It Adds Up

How much Dallas-Fort Worth parents save by living in the suburbs

How much Dallas-Fort Worth parents save by living in the suburbs

Family coming out of house
Seems like the suburbs are a sound investment. Photo courtesy of Texas Health Resources

You already know it's wise to scout outside the metro borders of Dallas and Fort Worth if you're looking to stretch your housing dollar, but where should you settle if you have a family? Is living in the suburbs really the better plan?

Absolutely, says Zillow and Care.com. The two websites looked at housing (home values and property taxes) and child care costs for 30 metro areas and their surrounding suburbs, and it turns out it's not just a little more affordable to live in the DFW 'burbs — we actually share the top three with New York City and Chicago for the highest variance between urban and suburban living.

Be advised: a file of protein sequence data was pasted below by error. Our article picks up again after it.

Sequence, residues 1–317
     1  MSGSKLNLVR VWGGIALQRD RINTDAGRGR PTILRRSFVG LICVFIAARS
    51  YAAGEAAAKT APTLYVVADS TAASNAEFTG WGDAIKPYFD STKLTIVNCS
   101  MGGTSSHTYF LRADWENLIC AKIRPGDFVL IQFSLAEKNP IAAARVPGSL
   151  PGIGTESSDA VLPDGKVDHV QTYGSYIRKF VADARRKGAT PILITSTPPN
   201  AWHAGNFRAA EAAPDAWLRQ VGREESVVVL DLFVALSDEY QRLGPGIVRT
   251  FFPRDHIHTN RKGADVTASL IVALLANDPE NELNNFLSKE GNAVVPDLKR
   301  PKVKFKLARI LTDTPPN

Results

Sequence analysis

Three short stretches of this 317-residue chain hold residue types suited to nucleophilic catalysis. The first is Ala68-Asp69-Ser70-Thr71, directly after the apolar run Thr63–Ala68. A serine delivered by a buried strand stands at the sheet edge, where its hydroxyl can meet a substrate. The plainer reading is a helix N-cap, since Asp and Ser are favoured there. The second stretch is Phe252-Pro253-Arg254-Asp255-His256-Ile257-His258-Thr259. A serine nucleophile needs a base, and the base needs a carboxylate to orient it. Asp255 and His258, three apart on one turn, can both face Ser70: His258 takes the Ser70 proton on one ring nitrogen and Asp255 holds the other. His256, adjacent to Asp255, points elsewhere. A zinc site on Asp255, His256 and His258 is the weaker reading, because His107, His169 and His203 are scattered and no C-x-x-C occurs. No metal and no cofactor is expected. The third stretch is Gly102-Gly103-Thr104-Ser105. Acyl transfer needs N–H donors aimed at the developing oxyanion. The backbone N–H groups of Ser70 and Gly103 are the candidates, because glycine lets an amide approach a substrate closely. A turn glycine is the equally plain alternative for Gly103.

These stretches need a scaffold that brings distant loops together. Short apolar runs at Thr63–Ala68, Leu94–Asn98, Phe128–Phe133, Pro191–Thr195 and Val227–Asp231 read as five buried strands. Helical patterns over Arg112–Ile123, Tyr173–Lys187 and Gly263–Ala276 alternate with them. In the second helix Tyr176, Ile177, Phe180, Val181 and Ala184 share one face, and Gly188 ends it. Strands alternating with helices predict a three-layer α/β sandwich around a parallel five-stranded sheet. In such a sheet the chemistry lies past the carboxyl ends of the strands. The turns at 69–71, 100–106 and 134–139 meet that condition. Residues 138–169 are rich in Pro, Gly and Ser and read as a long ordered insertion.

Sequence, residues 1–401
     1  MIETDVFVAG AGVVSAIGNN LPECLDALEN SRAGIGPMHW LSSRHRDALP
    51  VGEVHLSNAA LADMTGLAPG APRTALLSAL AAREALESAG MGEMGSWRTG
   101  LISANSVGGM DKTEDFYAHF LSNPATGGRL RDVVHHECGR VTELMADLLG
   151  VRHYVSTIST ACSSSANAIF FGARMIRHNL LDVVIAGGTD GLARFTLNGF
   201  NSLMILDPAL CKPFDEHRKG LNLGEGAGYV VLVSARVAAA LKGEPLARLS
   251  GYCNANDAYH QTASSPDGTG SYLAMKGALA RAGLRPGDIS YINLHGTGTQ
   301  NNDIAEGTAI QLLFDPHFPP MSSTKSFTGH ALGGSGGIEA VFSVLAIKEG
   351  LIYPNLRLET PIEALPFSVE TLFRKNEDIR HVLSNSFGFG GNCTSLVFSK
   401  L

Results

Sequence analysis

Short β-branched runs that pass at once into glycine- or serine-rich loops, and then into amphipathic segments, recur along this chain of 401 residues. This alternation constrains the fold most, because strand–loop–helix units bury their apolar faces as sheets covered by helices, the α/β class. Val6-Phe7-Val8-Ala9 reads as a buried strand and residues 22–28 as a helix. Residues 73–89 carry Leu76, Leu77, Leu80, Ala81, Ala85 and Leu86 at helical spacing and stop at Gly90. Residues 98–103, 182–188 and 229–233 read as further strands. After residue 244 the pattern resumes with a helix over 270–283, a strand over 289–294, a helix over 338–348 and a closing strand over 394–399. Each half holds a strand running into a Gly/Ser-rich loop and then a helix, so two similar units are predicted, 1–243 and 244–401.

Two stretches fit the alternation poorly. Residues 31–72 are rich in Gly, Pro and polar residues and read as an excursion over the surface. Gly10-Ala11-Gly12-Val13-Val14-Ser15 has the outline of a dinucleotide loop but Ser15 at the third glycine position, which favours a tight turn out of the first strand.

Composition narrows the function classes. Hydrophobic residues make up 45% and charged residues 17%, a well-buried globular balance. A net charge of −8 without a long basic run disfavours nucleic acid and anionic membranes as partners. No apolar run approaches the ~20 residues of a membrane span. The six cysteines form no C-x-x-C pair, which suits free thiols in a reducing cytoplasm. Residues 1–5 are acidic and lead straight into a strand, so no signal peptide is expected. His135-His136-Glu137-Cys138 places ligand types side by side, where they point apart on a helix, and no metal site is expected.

Nationally, the Cost of Living Report shows that families spend $9,073 more a year to live in the city compared to the suburbs. For DFW, that number is a staggering $14,128. It breaks down like this: Families living in the urban parts of the Dallas metro spend $44,843 a year on housing and child care. In the suburbs, they spend just $30,715. That’s an extra $1,177 that urban families spend every month.

DFW city dwellers are shelling out roughly $10,000 a year more for homes that are about 250 median square feet smaller than their suburban counterparts. To rub salt in the wound, our urban commute time isn't that great: not even two median minutes shorter.

Suburban Austinites save $11,522 by not living in the city, while Houstonians can sock away $5,368 a year by settling in the 'burbs. San Antonio is the only Texas city in the study where it's cheaper to live in town: $2,474 can be saved annually.

But the study found that not all suburbs are coming out on top. Those surrounding Philadelphia will cost you $13,849 a year more to enjoy, while the urban parts of Baltimore, Cleveland, and Milwaukee are also significantly cheaper in which to raise a family.